My earliest memories of coffee are of my parents using their large Chemex coffee urn to brew coffee in “pour over” style. I think they brewed 3-4 cups, and kept the coffee warm on their electric cooktop with a star-shaped wire thingy that kept the borosilicate glass from directly contacting the electric burners. In those days, I had little interest in coffee: I didn’t care for the smell, and it seemed to be one of those things adults liked that children did not.
Fast-forward to the early 1990s. I was in a new job at World Vision, helping them move their computer programs from old mainframe computers to new ones. They put a bunch of us in a class on network technology fundamentals. I had already mastered this knowledge but wanted to attend to know what my colleagues were being taught. I was hired as a technology mentor, familiar with the kinds of computers new to the organization.
The class was painfully dull, and I was literally head-bobbing. I recalled a coffee maker in the back of the room, and I thought that perhaps this magic potion would help me stay awake.
By my current standards, the coffee was terrible, but it did have the intended effect.
Later that year, I met a friend who liked to patronize Coffee Bean & Tea Leaf, a coffee shop chain in malls and airports. I found their mocha java coffee delightful with a healthy (?) dose of cream. My coffee senses were awakened.
For the next few years, I was drinking coffee at home with a lot of cream (or you might way, I was drinking cream with a bit of coffee). But as I came to love the taste of coffee, I gradually reduced the cream dose and switched to half-and-half, which I use to this day.
In the mid-1990s, I moved to Seattle and discovered Starbucks Coffee. I gravitated to their Café Mocha, and drank them daily for years. My standard order became “double tall 175 degree non-fat mocha with whip,” which rolled off my tongue as easily as supercalifragilisticexpialidocious. But that was not the end.
My work situation changed, and my daily Starbucks mocha became my weekly Starbucks mocha. At the same time, I began to buy Starbucks Italian Roast coffee for brewing at home. This, too, would last for many years.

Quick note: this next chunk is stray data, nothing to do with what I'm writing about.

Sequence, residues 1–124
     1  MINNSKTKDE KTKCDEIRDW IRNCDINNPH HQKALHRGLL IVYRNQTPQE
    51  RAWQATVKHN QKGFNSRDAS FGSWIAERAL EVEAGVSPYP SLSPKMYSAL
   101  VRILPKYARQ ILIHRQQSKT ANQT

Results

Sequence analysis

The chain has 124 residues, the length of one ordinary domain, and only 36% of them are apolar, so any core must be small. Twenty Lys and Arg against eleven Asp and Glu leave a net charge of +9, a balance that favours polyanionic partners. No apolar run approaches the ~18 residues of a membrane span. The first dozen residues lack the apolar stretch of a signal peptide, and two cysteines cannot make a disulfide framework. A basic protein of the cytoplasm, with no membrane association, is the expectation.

A few years ago, I decided to venture forth and try other brands of drip coffee. On a particular business trip, I was traveling through the Silicon Valley with a couple of colleagues one afternoon, when one of my colleagues asked, “who wants coffee?” We stopped at a small Philz Coffee stand, where I ordered a cup of Ether blend coffee. Philz is a pour-over coffeehouse, no espresso. And Philz makes the complete cup: if you want cream or sugar, they add it as they make it. Imagine my mild embarrassment when I ordered my coffee “with a little room,” to which they replied that they add all the fixings.
This cup of coffee was the best tasting coffee I had ever had in my life. Believing it to be the coffee itself, I bought two pounds on the spot and took them home. And indeed, this was delicious coffee, but it was not as good at home. Then I recalled that the brew method at Philz may have played a part. Remembering my parents’ Chemex coffee, I purchased a 3-cup Chemex coffee maker and soon mastered the art of pour-over.
I switched back to Starbucks Italian Roast for a while, but soon tried other brands, including Black Rifle Coffee, Peet’s, and others.
About two years ago, I was on a business trip to Marina Del Rey and was having breakfast on the restaurant patio. The server asked if I’d like some coffee. Again, this coffee was wonderful, among the best that I had ever tasted. I asked the server what kind it was; he wasn’t sure and went back to check. He brought back a large bag of Lavazza Intenso – a rich, dark blend that induced Handel’s Halleluiah Chorus in my brain with each sip. I sourced this myself, and a pound of Lavazza Intenso was waiting for me when I arrived home two days later. This is my daily coffee to this day.
I generally have two cups of Lavazza in the morning, and a cup of coffee in the afternoon. My afternoon coffee is locally produced, Blue Star Espresso Roast. This blend has some high notes absent from Lavazza and is a welcome afternoon flavor. I make Blue Star with my Chemex using the standard method used for my morning coffee.
On business travel, I sometimes patronize Starbucks. But my sweet tooth has waned, and I rarely order a mocha. Instead, my choice is a cup of dark roast drip, to which I add a dash of half-and-half. Today, I patronize Starbucks less than one visit per month: I work from home full time and do not frequently travel, and the nearest Starbucks is 25 miles from my house.